If you are attempting to file for Social Security Disability benefits, it can be a long, complex, and sometimes frustrating process, especially if you are dealing with troublesome medical and financial issues. It can be difficult to keep track of paperwork, medical records, doctors' appointments, and other information necessary to successfully apply for SSDI. To avoid losing the benefits you are entitled to, be aware of these seven costly mistakes that can ruin your disability claim.
Costly Mistake #1: Setting Up a Bad Medical Record
While you will eventually have the chance to describe your disability to examiners and perhaps an administrative law judge, this may not be enough to prove you are disabled. The foundation of a successful Social Security disability claim is solid supporting medical evidence.
- Treat early and treat often. Do your best to keep all appointments with doctors, therapists, and counselors. The number one thing you can do to strengthen your claim is to get regular medical care.
- Follow reasonably prescribed treatment. Social security law can prevent you from recovering benefits if you fail to follow the treatment recommended by your doctors.
- Keep a journal and explain your pain and limitations in detail. Keep a personal log of complaints, pain, and other events associated with your disability. One of the best ways to make your personal experience of impairment a credible part of the medical record is to document your limitations and give them to your doctor to include in medical notes.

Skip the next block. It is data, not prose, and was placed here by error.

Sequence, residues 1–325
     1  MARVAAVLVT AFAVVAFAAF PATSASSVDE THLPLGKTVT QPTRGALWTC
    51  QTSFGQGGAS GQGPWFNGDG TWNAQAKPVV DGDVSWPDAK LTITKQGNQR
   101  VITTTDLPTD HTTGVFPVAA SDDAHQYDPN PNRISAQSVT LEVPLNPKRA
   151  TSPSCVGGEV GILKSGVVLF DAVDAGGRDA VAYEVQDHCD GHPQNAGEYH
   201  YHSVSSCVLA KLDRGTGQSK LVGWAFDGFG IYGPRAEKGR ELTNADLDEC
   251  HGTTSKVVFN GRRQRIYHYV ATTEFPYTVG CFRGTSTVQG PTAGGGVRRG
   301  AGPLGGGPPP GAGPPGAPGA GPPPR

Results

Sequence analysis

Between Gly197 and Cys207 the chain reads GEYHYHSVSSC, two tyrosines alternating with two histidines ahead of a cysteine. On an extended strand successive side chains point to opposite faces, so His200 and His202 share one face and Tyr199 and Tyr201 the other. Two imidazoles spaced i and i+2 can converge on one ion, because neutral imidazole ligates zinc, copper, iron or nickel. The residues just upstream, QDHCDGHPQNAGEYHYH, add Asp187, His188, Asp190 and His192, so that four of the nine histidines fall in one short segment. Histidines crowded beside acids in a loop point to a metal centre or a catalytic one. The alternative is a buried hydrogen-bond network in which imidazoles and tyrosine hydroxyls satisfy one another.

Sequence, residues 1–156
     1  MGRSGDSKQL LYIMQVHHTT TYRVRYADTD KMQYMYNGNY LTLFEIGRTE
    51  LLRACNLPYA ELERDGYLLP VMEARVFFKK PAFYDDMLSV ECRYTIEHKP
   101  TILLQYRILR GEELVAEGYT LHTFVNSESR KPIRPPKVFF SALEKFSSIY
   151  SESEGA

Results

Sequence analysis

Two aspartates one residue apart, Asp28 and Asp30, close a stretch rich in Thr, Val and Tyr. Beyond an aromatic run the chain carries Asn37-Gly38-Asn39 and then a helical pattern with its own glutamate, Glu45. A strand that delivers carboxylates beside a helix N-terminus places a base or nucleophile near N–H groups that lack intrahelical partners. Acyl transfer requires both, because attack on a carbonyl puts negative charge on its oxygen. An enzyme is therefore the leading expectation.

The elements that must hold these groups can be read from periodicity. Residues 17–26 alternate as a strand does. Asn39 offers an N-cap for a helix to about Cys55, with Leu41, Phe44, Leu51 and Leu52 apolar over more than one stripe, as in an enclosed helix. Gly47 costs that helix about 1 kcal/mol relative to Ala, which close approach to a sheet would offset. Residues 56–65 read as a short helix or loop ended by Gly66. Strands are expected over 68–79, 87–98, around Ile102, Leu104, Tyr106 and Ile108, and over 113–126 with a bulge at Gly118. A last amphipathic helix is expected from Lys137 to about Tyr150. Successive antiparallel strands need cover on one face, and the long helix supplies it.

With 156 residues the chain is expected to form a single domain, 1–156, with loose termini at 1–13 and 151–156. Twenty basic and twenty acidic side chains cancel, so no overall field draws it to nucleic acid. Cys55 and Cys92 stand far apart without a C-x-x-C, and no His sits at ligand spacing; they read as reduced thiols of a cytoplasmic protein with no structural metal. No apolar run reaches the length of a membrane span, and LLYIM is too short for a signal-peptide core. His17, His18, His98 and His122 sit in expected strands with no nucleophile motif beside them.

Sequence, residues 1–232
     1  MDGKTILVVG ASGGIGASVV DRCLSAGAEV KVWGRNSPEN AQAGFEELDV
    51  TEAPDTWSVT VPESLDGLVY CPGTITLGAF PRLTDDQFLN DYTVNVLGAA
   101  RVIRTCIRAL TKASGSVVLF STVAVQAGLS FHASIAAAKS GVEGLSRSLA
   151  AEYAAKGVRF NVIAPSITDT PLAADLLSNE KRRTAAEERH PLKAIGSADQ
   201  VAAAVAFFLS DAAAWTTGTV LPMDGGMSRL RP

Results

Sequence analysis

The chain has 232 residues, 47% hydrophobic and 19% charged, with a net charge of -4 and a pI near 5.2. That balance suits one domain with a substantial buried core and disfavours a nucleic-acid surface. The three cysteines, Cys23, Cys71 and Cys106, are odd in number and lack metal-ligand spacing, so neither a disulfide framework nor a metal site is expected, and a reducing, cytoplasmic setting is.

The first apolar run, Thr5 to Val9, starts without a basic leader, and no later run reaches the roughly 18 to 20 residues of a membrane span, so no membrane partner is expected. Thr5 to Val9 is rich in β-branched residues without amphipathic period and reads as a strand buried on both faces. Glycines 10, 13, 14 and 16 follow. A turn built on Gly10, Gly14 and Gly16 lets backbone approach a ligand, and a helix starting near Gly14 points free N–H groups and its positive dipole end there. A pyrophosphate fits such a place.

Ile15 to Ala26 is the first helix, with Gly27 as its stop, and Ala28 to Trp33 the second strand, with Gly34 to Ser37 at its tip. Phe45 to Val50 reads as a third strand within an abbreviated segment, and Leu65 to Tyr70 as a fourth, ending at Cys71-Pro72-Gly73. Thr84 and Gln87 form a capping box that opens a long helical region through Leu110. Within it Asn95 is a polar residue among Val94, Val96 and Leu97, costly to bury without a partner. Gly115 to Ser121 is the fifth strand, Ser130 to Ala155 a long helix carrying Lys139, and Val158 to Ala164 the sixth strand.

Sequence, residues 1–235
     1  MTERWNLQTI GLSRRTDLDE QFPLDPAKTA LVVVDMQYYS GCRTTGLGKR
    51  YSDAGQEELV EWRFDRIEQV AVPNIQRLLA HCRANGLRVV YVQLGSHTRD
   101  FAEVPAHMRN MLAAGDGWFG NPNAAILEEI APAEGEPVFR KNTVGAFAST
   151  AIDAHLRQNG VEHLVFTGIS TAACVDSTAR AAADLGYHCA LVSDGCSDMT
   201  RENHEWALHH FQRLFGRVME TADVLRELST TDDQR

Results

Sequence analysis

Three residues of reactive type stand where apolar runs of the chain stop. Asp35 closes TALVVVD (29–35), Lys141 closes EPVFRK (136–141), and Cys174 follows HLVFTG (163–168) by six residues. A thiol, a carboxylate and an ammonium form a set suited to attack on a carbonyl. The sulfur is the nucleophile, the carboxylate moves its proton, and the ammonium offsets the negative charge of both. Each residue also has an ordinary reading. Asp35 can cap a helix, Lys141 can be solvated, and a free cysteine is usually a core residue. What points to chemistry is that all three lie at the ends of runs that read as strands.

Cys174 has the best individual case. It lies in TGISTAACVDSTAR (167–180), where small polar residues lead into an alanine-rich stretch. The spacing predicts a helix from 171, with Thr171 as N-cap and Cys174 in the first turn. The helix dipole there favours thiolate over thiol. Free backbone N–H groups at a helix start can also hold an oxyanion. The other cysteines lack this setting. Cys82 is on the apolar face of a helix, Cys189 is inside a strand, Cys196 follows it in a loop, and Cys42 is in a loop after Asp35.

- Consult specialists. A specialist's opinion regarding your particular condition may be helpful to a judge evaluating your claim.
Costly Mistake #2: Waiting Too Long to Apply
Once you have determined you may be unable to work for a year or more, you should file for benefits immediately. You could risk losing benefits to which you are legally entitled by waiting longer than necessary to apply.
Costly Mistake #3: Waiting Too Long (or Failing) to Appeal
If you have already applied and been denied for Social Security disability benefits, you should have received a denial letter. You have 60 days from the date of the letter to appeal your claim. If you fail to file an appeal on time, you may have to start the application process all over again. You may also permanently lose the right to back benefits.
Costly Mistake #4: Using Illegal Drugs and/or Abusing Alcohol
Social Security laws can prevent you from receiving disability benefits if your alcohol or drug abuse is a major factor causing your disability. Drug and/or alcohol abuse tends to harm your credibility as a witness and can make the disability determination process very difficult. Drug addiction and alcoholism are not considered disabilities that may be compensated with SSDI benefits
Costly Mistake #5: Failing to Cooperate with Social Security
If you fail to complete the necessary paperwork, avoid evaluation appointments, or ignore calls or letters from the SSA, your application may be denied due to your own lack of cooperation or because you did not supply enough information to file your claim properly.
Costly Mistake #6: Making Inconsistent Statements
Inconsistencies in your statements can cause an administrative law judge to lose faith in the credibility of your claim, leading to a denial. Be open and honest; the best way to be consistent is to always tell the truth.
Costly Mistake #7: Representing Yourself
Very few people who represent themselves in a social security disability claim win their case. The likelihood of you winning your case is certainly smaller without the aid of an attorney. An experienced SSDI lawyer can ensure all your paperwork is filed correctly, look for ways to expedite your hearing office decision, and represent you at a hearing before a judge.
If you are worried about making these mistakes, you can contact a lawyer who can provide useful information about the disability claims process and help you understand if you have a valid claim. Contact the knowledgeable SSD legal team at George Sink, P.A. Injury Lawyers to get the help you need.